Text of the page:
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Movie Review: 'Clash'

"Clash" is a dazzling Vietnamese martial arts movie with a soul, a stylish, gorgeously photographed film.

March 11, 2011|By Kevin Thomas
  • A scene from the Vietnamese movie "Clash (Bay Rong)"
A scene from the Vietnamese movie "Clash (Bay Rong)" (Indomina Releasing )

"Clash" ("Bay Rong"), which marks Le Thanh Son's directorial debut, is a dazzling Vietnamese martial arts movie with a soul, a stylish, gorgeously photographed film in which action sequences are punctuated by serene vistas of natural beauty.

Its protagonists, Trinh (Ngo Thanh Van) and Quan (Johnny Tri Nguyen, who also co-wrote and co-produced), are caught up in a violent underworld they long to escape. Trinh, the icy leader of a hit squad that includes ex-con Quan, must rob from French mobsters a certain hard drive if she is to secure the return of her kidnapped daughter from the villainous Hac Long (Hoang Phuc), the heartless Black Dragon. That hard drive will allow the Black Dragon to gain control of Vinsat.1, Vietnam's only satellite.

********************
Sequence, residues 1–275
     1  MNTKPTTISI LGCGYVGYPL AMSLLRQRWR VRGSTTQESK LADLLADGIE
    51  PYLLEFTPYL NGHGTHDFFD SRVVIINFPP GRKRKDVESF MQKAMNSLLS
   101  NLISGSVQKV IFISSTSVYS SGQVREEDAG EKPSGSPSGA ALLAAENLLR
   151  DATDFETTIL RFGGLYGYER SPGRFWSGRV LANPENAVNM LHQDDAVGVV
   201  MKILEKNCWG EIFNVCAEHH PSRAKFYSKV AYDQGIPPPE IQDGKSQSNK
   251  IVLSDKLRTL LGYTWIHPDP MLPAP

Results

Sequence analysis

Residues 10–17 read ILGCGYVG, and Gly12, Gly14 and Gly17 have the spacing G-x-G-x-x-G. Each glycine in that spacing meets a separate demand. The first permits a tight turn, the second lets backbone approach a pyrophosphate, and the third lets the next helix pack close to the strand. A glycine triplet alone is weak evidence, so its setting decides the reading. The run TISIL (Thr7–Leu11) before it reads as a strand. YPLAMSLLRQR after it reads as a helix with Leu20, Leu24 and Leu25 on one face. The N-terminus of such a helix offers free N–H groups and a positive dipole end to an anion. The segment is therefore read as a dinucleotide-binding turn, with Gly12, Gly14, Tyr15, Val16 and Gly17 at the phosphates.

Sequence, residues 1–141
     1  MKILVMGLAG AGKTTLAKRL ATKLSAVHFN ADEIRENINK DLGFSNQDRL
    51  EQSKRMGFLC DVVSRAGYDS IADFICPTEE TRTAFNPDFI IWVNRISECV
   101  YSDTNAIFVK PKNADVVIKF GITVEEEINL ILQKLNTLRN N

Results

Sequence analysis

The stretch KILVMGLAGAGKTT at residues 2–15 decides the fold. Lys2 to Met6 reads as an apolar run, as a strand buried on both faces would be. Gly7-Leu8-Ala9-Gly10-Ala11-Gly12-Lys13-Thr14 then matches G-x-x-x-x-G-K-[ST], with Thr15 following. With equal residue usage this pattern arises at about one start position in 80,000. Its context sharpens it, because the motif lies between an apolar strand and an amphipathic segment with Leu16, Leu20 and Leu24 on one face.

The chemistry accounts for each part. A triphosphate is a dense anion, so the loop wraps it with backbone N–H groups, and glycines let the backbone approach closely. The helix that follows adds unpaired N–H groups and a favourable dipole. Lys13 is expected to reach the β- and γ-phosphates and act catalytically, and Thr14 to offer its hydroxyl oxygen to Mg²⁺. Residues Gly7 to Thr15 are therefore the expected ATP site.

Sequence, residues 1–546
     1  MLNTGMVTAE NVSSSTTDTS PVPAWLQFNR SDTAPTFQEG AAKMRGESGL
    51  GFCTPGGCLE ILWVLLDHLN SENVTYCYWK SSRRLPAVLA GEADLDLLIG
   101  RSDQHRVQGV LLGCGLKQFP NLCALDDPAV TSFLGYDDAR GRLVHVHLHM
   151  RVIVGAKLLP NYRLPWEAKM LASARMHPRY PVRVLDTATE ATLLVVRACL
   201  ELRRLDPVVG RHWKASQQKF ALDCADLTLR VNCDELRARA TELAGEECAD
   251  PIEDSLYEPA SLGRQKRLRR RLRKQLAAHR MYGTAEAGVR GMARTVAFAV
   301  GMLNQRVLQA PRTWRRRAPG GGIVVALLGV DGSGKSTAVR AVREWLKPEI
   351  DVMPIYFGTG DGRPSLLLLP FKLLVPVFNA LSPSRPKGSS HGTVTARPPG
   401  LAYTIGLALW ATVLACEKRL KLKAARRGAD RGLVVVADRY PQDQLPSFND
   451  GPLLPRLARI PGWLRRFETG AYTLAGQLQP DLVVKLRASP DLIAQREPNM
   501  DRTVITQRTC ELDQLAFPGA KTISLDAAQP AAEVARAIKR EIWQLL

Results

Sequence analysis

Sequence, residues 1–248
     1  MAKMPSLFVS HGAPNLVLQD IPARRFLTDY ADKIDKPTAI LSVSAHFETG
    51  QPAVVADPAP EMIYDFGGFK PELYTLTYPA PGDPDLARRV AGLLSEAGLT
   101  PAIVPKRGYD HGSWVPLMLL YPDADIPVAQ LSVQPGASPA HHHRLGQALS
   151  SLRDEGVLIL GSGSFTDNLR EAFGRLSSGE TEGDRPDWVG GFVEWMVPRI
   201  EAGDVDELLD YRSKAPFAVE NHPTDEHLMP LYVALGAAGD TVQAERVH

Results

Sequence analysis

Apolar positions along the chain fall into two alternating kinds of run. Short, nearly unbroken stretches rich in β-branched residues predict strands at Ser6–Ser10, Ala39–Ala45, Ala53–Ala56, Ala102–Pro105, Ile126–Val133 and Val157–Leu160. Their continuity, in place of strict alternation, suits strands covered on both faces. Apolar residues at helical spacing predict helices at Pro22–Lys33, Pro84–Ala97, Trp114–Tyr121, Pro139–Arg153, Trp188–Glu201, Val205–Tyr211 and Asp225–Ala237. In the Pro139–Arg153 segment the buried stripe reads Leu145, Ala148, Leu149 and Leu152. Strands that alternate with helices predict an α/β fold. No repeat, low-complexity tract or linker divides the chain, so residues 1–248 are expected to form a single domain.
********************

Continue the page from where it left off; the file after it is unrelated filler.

"Clash," a top grosser in Vietnam last year, has strong crossover potential and excellent, highly vernacular English subtitles. Nguyen, who was grew up in America, and Van, also a singer, who was raised in Norway, are top stars in their native country, as is the veteran Phuc. Son's previous experience stems from the world of music videos.

"Clash" has it all: artistry and craftsmanship, romance, wit, humor and plenty of danger — and even a torrid tango danced by Van and Nguyen — but most importantly, credible back stories for the leads that give the film a human dimension and make "Clash" special.


"Clash." No MPAA rating. In Vietnamese with English subtitles. Running time: 1 hour, 43 minutes. At the Garden Grove 16 and the Westminster 10 in Orange County.

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